In May, a private-sector study group advocating the independence of Okinawa Prefecture from Japan was formed. The group is led by Ryukoku University Prof. Yasukatsu Matsushima, a native of Ishigaki Island, Okinawa Prefecture, and its secretariat is based at Okinawa International University.
The group, known as the “comprehensive study group on the independence of Ryukyuans,” has about 150 members, including House of Representatives and Social Democratic Party member Kantoku Teruya, who repre-sents Okinawa Constituency No. 2.
Its charter states: “Ryukyu has been under the rule of Japan and the United States. It is necessary that we Ryukyuans declare independence from Japan, have all military bases withdrawn from our islands, and build the islands of peace and hope with our own hands.”
What does it mean for Japan?
This spring, the Rebuild Japan Initiative Foundation, whose chairman is Yoichi Funabashi, a former editor-in-chief of The Asahi Shimbun, published a book titled “Nihon Saiaku no Shinario: Kokonotsu no Shikaku” (The Worst-case Scenario for Japan: Nine blind spots) which looks at the national crisis that Japan could face.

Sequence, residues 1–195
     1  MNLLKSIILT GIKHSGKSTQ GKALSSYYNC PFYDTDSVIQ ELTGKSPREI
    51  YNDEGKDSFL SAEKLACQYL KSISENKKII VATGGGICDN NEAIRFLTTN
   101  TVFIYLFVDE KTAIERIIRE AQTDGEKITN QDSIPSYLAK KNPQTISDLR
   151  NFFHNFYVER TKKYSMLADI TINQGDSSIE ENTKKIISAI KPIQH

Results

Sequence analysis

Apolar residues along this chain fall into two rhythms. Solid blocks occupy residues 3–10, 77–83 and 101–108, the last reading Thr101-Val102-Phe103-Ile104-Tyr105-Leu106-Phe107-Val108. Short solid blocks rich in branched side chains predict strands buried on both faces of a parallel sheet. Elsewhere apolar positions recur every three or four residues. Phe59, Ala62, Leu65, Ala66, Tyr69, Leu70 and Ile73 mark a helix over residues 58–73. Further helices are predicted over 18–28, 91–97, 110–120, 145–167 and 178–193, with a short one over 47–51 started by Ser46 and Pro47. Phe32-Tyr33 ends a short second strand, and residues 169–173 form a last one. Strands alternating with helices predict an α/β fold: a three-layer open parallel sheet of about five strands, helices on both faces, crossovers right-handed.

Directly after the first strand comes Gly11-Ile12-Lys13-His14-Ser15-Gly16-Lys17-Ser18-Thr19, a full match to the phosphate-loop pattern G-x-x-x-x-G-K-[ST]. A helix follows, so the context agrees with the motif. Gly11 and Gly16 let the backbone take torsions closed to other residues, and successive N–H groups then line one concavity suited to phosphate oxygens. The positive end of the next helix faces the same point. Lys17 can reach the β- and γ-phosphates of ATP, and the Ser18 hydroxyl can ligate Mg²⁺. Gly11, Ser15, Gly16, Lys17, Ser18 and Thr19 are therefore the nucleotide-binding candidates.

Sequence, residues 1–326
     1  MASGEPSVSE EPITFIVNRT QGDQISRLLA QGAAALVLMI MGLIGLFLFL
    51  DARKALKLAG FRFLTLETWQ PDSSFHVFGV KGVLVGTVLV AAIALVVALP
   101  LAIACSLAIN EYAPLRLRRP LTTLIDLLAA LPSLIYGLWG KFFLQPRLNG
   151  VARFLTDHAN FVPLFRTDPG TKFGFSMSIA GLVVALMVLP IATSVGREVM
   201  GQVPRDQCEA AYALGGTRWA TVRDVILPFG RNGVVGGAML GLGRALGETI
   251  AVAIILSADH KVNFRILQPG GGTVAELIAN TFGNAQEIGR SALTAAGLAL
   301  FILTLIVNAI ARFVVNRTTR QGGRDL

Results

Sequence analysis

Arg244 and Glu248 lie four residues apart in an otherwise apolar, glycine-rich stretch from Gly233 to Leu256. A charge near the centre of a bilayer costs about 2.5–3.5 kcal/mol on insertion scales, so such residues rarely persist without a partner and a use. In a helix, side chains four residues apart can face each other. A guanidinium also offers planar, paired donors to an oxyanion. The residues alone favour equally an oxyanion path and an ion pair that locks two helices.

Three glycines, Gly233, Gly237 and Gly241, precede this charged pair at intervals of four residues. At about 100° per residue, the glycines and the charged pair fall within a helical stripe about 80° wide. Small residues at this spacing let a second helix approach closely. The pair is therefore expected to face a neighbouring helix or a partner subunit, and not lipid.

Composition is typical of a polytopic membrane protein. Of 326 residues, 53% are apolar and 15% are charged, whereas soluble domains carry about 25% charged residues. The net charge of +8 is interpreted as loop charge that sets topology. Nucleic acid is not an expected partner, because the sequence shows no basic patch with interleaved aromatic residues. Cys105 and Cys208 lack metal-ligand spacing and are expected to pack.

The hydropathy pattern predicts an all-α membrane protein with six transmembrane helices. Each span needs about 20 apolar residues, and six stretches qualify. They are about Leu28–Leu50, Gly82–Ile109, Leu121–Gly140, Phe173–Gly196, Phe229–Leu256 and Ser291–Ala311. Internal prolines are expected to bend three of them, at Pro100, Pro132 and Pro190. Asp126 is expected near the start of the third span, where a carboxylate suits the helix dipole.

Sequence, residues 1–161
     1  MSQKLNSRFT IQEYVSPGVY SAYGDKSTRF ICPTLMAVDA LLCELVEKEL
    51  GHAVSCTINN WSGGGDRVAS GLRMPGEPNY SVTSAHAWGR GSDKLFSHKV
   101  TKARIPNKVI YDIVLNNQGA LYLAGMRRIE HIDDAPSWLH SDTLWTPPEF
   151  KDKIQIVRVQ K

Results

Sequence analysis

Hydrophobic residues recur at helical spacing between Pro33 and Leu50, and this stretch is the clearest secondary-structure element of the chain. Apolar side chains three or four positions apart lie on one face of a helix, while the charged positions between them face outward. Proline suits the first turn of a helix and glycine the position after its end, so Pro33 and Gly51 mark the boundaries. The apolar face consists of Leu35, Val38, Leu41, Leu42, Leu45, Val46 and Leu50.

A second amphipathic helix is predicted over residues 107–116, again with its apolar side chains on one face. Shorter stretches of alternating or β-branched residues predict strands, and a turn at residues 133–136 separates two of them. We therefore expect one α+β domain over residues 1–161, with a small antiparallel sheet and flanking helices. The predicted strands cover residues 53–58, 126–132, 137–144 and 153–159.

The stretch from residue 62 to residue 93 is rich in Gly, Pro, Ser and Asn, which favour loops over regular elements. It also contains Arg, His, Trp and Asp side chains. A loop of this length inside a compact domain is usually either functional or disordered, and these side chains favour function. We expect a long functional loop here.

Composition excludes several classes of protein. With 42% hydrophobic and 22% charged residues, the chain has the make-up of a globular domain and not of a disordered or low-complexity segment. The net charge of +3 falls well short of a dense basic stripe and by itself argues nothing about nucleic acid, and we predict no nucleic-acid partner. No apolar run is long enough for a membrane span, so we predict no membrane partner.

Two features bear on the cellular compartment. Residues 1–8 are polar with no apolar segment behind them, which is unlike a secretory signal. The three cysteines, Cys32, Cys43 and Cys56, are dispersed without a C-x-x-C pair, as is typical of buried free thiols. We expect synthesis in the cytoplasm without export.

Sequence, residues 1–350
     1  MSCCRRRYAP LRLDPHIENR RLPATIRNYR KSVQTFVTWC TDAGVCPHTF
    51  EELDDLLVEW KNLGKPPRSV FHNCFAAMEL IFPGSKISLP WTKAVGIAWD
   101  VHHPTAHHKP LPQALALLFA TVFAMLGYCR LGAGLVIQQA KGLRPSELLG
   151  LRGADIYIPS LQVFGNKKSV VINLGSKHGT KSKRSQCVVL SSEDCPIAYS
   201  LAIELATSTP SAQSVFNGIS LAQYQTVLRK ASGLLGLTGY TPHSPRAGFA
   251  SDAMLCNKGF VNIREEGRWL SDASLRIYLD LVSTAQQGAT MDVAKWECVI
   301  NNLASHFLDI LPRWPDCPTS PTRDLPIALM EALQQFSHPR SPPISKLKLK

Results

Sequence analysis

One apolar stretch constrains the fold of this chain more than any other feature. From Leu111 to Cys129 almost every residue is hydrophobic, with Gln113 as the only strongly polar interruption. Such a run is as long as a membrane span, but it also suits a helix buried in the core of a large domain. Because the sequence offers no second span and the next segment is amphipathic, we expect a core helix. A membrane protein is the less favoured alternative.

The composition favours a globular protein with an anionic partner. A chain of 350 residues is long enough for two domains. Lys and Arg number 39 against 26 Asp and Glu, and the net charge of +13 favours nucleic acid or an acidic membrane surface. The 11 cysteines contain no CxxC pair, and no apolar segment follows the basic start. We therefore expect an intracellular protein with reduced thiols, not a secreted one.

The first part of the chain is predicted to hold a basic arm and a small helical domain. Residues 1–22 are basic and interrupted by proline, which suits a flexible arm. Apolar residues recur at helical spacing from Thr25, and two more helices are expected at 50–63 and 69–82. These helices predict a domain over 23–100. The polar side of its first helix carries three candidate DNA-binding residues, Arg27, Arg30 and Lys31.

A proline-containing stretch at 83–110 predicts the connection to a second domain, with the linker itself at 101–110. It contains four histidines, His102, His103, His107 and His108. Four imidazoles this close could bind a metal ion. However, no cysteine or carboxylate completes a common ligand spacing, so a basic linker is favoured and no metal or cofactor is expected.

Taking up the Senkaku issue, the book imagines a scenario in which a Chinese group disguised as fishermen and armed with automatic rifles land on the Senkakus and occupy them. Under the worst-case scenario, the Japanese government would be unable to remove them and fail in diplomatic talks, while the Chinese group would set up its own facilities on the islands, effectively putting them under China’s control.
On the assumption of such a scenario, the book hypothesizes the impact of Japan’s loss of the Senkakus as follows: “As China has turned the western Pacific Ocean into its backyard, the possibility of a clash with U.S. forces has naturally risen. Caught between the United States and China, Okinawa decides to become a neutral actor.”
Full article: senkaku-7: An independent Okinawa: Japan’s worst-case scenario (The Japan News)